Revealing the story of a youthful Hannibal Lecter serves only to dilute the delicious, mysterious evil that Sir Anthony Hopkins brought to the role and, while fun and familiar, furthers only in adding to the studio?s coffers.
As a boy in war-torn Lithuania, poor Hannibal Lector saw his castle home lost and his parents killed before unspeakable circumstances took his little sister, Mischa, too. Escaping Russia as a late teen, Hannibal (Gaspard Ulliel) meets his only known living relative, Lady Murasaki Shikibu (Gong Li), and sets off on a series of events that reveals some origins of the adult “Cannibal” Lector’s habits and specialties.
In spite of advertising and all that, what you really need to know is this: if you’re starved for more Hannibal Lector-y chewy evilness, here’s your snack. Otherwise, it’s all a pale comparison to the monster hinted at while still sealed in a plastic chamber teaching a green FBI agent from West “By God” Virginia what it means to truly be a sociopath. Gaspard Ulliel wallows in Lector mannerisms and going mostly over-the-top, while the ageless and always desirable Gong Li does her damsel in distress thing.
At issue here are the exact origins of what makes the man the monster. Hannibal Rising paints the pre-teen Hannibal as a child of privilege who had the misfortune of living in the wrong place at the wrong time. He loves his mum, his dad, and his little sister Mischa, all of which are taken from him so that he has no one left to love. As an older teen at the cusp of becoming a man, we meet a different Hannibal, one who seems to want to be left alone yet ever draws the attention of bullying braggarts. To coin a phrase, Hannibal has “an overdeveloped sense of vengeance,” even scolded by the headmaster for failing to knuckle under to the pecking order and standing up to bullies with bloody but not deadly retribution.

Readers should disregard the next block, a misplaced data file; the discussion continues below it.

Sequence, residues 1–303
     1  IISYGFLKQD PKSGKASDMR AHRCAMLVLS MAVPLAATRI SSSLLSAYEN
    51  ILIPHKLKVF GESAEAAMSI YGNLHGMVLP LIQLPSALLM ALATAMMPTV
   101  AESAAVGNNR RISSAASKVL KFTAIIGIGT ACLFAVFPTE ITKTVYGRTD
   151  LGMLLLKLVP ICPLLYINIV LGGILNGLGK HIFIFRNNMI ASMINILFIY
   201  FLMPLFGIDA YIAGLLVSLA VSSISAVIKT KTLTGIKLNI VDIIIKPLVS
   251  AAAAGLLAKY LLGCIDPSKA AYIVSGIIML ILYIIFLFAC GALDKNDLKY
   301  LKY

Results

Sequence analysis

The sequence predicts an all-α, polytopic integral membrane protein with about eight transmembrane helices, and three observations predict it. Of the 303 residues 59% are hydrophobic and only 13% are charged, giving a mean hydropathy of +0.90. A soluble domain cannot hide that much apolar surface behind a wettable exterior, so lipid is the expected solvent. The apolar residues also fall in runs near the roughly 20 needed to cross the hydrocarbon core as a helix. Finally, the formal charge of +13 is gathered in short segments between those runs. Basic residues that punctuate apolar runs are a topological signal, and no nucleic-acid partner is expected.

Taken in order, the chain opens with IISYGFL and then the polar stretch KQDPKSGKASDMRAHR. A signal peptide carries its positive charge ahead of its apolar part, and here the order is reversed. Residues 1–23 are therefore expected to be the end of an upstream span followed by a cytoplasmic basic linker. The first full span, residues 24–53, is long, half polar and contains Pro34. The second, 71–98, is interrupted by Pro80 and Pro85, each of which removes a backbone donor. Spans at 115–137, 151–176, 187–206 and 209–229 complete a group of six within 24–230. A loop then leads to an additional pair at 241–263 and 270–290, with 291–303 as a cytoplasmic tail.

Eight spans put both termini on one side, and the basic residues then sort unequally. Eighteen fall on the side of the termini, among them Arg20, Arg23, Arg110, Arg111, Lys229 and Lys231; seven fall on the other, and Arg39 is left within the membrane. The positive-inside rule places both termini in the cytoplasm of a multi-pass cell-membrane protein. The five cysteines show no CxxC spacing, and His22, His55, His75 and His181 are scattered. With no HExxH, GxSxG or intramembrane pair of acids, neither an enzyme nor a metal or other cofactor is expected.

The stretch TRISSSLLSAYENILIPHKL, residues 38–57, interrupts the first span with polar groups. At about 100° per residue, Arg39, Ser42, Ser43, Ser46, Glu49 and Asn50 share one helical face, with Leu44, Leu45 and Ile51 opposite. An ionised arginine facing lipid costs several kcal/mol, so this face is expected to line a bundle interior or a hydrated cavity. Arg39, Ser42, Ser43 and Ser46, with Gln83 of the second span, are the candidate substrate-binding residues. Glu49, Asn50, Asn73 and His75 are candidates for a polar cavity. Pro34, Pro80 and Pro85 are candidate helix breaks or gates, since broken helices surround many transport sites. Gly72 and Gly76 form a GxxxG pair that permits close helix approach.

Hannibal’s escape from behind the Iron Curtain is where the film starts to falter from interesting into the absurd, suggesting Japanese culture influences into his psyche (what? He’s Wolverine now?) and even an infatuation with wearing an all-too familiar mask to Silence of the Lamb fans. Add to this the addition of Inspector Pope (Dominic West), a French cop who seems to have way too much information about Lector (especially in light of how useful the Internet was in the mid 1950’s). The cop seems to have the author’s privileged knowledge of Hannibal Lector’s past and future history, making very little sense no matter how you rationalize it. Again, there’s no subtlety here; this is young Hannibal, and the film seems to suggest he’s exactly like the monster you know except young and just getting started.
As a fun and familiar film, Rising reads more like a fanciful possibility of Hannibal’s past than an actual account. It could have been amusing to start off with someone finding a diary in modern times and portray all of this as Hannibal’s fanciful version of events rather than a fact, the opinion’s of a madman. Why not have Anthony Hopkins narrate the movie itself? As it stands, however, the worst crime this film commits is allowing plenty of wiggle room between it and the first prequel Red Dragon, meaning that the success of this movie could spawn one or even two more “Young Hannibal” films. If you can’t get enough of the monster, there’s are a few table scrap here to nibble on, but for anything more, you’ll have to re-watch Silence of the Lambs to fully enjoy some fava beans and a nice chianti.
(a two and a half skull recommendation out of four)